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Men Go to Traffic Court More Often Than Women, Survey Says

A recent survey shows that men are more likely to go to court than women. In fact, according to the results of the survey, more than a third of Americans have been plaintiffs or defendants in court, including 44 percent of men and 31 percent of women.

These results, which were compiled from a representative population sample of over 1,000 adults across the nation, suggests that going to court is more common than commonly thought.

Survey respondents were asked why they went to court. Not surprisingly, traffic violations came in on top at 18 percent.

The next most common reasons for going to court were custody and divorce cases, small claims, bankruptcy and criminal matters. Ten percent of men said they were defendants in criminal cases, compared with only four percent of women. The results confirmed statistics compiled by the Department of Justice that men are more likely to engage in crime, despite making up a slightly smaller percentage of the population.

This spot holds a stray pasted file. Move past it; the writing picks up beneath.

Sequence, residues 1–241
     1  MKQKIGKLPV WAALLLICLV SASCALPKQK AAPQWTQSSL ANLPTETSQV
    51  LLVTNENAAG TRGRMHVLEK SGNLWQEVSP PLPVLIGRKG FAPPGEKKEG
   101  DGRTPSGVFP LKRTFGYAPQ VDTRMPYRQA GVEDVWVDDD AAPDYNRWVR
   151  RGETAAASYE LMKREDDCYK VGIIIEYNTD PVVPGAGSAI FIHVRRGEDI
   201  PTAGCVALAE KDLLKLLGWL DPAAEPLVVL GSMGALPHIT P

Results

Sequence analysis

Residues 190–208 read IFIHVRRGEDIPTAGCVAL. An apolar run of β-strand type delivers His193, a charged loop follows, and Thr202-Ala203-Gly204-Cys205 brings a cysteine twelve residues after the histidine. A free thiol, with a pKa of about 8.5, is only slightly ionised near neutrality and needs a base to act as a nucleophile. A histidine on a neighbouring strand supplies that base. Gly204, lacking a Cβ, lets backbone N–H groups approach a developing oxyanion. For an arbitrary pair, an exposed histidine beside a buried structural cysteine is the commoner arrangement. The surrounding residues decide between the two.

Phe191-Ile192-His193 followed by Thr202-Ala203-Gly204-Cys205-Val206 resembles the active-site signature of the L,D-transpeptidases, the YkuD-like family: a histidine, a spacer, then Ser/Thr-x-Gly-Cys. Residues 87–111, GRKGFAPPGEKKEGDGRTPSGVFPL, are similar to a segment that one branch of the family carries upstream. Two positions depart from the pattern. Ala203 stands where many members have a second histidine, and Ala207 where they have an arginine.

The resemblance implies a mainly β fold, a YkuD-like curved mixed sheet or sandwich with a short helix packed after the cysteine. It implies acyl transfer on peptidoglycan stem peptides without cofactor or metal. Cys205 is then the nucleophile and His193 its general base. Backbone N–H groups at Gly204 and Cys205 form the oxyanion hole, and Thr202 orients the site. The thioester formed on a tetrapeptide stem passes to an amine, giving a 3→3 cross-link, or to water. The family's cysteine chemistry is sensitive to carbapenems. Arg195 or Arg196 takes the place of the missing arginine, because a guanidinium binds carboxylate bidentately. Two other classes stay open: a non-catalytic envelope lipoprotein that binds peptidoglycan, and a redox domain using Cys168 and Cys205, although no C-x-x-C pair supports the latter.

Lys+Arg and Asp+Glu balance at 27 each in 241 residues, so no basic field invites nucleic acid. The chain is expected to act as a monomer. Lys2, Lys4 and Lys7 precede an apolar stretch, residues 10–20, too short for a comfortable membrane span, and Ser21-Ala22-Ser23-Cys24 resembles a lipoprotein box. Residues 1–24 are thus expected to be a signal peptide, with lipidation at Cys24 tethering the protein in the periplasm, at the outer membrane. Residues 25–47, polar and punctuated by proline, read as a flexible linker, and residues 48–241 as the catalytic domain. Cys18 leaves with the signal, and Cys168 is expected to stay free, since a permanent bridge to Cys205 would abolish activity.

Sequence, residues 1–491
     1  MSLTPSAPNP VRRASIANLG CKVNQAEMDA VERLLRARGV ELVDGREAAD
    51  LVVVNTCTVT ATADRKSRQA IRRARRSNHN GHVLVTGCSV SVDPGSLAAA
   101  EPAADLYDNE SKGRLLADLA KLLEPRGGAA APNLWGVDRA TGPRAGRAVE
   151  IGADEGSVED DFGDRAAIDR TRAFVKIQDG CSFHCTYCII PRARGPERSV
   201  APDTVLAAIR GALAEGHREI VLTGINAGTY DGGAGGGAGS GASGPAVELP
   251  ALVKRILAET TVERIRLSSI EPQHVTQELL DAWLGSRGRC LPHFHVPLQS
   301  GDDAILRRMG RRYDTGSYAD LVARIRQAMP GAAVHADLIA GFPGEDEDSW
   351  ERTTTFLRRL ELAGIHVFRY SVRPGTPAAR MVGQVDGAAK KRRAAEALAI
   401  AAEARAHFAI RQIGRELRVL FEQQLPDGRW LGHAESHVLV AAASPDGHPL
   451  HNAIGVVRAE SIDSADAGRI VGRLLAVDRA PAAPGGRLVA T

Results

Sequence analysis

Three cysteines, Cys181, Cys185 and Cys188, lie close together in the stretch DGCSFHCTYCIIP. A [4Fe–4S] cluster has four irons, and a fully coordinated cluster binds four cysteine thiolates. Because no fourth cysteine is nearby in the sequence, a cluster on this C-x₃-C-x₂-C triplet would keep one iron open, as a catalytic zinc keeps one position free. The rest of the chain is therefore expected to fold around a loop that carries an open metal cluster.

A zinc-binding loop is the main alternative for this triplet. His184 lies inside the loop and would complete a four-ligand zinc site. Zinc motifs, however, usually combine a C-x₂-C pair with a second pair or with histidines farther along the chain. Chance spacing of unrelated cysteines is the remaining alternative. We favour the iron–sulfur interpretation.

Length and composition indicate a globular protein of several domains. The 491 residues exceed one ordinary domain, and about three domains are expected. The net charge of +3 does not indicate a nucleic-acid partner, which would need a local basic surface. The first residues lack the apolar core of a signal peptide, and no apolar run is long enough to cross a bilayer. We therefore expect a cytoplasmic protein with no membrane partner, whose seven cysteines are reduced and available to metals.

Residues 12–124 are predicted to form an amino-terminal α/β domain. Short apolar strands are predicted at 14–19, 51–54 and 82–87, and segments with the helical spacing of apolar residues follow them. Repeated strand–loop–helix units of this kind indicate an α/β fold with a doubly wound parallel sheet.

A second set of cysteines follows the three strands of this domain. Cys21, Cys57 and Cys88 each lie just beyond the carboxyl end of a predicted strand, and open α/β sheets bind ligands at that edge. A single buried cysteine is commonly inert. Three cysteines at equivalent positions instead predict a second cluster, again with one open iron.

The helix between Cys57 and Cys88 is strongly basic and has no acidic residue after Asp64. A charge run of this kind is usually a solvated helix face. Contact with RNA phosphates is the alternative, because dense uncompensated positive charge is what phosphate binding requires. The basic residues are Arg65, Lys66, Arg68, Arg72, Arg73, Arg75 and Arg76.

In a way, the study also led a bit of credence to the popular belief that men are more dangerous behind the wheel than women. A quarter of men reported appearing at least once in traffic court, compared with only 11 percent of women. Research data used by auto insurers also shows that men are about five percent more likely to receive tickets for speeding, passing and yielding violations.

The discrepancy is even greater for citations involving reckless driving and DWI. Men are over three times more likely to go to court for these violations, which automatically trigger a court appearance. These charges are often criminal traffic violations because they suggest disregard for the safety of others.

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